Cisco Network Registrar

Release Notes for Cisco CNS Network Registrar 3.5.1


Table Of Contents

Release Notes for Cisco Network Registrar 3.5(1)


System Requirements

Software Compatibility

User Interface and Server Interoperability

What's New in This Release

DHCP Failover Tool Documentation Corrections

Using the DHCP Failover Configuration Tool

Error Codes Documentation Correction

DNS Documentation Correction

LDAP Documentation Correction

Microsoft Systems Management Server (SMS) Documentation Corrections

For the Network Registrar CLI Reference Guide

For the Network Registrar User's Guide

DHCP Extension Point Response Dictionary Corrections


Using Thread-safe Extensions

Cisco Connection Online

Documentation CD-ROM

Special Considerations

Reverting to a Previous Version from Release 3.5 or higher

Resolved and Unresolved Bugs for 3.5(1)

Release Notes for Cisco Network Registrar 3.5(1)

These release notes describe the caveats, new features, and documentation corrections for Cisco Network Registrar 3.5(1).

Warning   The upgrade procedures for Solaris have changed from earlier revisions. Read Chapter 1 of the Getting Started with Network Registrar before proceeding. Do not run the Solaris pkgrm command before reviewing these instructions. The pkgrm command may delete your data.

This document contains the following sections. (The page number is listed after each item.)

Introduction     2

System Requirements     2

Software Compatibility     3

User Interface and Server Interoperability     3

What's New in This Release     3

DHCP Failover Tool Documentation Corrections     4

Error Codes Documentation Correction     8

DNS Documentation Correction     9

LDAP Documentation Correction     9

Microsoft Systems Management Server (SMS) Documentation Corrections     9

DHCP Extension Point Response Dictionary Corrections     10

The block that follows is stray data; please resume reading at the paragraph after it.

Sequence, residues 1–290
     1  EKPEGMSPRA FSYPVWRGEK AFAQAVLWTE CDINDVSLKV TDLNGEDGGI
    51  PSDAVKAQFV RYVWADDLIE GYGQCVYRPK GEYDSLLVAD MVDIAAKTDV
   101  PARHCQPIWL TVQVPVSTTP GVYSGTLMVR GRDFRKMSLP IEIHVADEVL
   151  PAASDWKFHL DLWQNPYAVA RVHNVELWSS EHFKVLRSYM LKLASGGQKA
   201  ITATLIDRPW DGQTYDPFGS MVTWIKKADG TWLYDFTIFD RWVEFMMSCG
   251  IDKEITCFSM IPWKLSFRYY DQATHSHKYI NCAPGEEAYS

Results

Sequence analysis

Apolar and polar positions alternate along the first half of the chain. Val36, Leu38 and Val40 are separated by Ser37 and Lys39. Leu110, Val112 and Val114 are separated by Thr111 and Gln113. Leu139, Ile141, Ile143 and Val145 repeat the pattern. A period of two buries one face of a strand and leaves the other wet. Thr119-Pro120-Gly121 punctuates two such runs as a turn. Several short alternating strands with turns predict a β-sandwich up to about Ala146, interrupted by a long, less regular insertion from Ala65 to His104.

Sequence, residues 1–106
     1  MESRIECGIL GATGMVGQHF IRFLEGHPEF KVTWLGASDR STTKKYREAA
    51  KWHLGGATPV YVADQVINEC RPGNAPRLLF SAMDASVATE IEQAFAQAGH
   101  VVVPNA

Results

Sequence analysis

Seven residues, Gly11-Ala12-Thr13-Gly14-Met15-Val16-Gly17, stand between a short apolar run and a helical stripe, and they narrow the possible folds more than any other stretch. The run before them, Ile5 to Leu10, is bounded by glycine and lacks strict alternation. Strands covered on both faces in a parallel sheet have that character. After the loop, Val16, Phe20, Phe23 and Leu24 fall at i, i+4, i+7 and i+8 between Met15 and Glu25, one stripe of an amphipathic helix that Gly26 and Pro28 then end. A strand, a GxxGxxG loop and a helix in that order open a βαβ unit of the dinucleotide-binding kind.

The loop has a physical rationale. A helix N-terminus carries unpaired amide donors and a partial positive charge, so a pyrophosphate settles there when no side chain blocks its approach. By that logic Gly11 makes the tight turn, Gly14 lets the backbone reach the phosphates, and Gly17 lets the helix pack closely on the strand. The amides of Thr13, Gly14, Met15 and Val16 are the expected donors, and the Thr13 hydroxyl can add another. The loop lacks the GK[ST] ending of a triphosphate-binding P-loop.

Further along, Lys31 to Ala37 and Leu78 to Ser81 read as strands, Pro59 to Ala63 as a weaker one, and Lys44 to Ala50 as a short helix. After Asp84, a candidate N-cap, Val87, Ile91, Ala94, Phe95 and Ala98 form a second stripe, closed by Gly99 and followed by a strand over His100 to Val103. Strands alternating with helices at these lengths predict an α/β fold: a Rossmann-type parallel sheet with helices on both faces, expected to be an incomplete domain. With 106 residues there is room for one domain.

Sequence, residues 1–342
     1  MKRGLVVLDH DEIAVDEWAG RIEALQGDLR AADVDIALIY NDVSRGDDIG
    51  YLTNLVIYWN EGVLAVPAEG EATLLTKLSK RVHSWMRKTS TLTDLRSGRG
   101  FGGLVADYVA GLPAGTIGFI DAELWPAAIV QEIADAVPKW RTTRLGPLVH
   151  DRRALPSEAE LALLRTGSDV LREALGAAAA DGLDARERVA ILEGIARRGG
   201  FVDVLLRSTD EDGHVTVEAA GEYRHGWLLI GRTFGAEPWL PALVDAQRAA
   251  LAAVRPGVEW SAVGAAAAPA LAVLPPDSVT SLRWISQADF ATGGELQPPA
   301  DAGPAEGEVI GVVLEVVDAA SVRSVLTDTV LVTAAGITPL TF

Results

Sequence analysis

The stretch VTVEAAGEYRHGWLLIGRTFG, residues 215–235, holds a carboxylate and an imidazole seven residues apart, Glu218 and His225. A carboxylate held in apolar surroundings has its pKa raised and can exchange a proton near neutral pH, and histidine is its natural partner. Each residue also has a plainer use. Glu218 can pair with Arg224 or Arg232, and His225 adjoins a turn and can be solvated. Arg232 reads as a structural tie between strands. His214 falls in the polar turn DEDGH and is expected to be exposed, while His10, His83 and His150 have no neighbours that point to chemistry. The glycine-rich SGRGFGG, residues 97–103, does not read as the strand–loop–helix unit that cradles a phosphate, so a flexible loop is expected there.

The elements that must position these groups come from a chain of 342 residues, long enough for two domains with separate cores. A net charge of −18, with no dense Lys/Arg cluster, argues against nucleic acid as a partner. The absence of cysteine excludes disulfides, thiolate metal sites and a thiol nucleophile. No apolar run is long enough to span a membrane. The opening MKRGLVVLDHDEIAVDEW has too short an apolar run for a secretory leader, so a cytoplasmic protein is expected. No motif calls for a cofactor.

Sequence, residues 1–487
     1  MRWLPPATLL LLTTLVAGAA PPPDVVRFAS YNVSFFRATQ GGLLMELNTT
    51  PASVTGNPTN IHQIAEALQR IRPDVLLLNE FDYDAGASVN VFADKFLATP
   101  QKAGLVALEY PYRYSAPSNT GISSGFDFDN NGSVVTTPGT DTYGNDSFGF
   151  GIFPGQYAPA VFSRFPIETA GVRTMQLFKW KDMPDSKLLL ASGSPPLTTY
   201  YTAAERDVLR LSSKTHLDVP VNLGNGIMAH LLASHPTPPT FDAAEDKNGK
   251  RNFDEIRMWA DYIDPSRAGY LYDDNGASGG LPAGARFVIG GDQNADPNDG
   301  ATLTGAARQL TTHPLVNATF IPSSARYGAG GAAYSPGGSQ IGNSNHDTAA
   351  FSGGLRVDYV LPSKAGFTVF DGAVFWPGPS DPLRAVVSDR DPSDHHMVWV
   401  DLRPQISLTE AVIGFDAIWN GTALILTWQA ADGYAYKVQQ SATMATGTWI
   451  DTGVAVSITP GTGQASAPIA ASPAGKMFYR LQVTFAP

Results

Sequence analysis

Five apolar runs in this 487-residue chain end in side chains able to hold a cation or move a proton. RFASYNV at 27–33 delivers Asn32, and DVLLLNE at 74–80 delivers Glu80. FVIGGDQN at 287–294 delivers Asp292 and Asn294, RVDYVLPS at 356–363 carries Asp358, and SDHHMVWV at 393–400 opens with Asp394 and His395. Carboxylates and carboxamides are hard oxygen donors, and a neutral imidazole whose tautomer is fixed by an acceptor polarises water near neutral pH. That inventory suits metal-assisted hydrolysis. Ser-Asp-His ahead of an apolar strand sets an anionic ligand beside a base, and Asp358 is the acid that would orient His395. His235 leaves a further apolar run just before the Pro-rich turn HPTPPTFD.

Cisco Connection Online     12

Documentation CD-ROM     13

Special Considerations     13

Resolved and Unresolved Bugs for 3.5(1)     13


The release of Cisco Network Registrar 3.5(1) contains the following components:

CD-ROM containing the software

Network Registrar Concepts Guide

Getting Started with Network Registrar

Network Registrar CLI Reference Guide

Network Registrar User's Guide

Cisco Network Registrar 3.0 AIX Installation

Cisco Network Registrar 3.0 HP-UX Installation

Network Registrar Web GUI Installation Instructions

Release Notes for Cisco Network Registrar 3.5(1)

System Requirements

Network Registrar 3.5(1) runs on Windows NT 4.0, Windows 2000, Solaris 2.5.1, Solaris 2.6, and Solaris 7. Network Registrar's 3.5(1) GUI also runs on Windows 95 and Windows 98.

For all OS platforms, Cisco recommends that you install the current service pack (Windows) or recommended patch cluster (Solaris, AIX, HP-UX).

Windows NT 4.0 must be run with service pack 3, or for Y2K compliance, service pack 4 or 5.

Refer to the following sources about Y2K patch clusters:

— Solaris 2.5.1, Solaris 2.6, and Solaris 7 have been tested with the current Sun patch cluster. For up-to-date information, refer to the Cisco Y2K site, For information about the latest Solaris patches, see
— For AIX (4.3), see
— For HPUX, see

lists the server platforms under which Cisco Network Registrar operates and specifies whether each has a protocol server, CLI, or GUI.

Table 1 Network Registrar Platforms

Protocol Servers?

Windows NT
















You can run the servers and the associated user interfaces on the same platform, or you can run the servers on one platform and the user interfaces on another.

Software Compatibility

Network Registrar 3.5(1) is compatible with the following:

DHCP clients—All RFC 1954, 2131, and 2132 compliant DHCP and BOOTP clients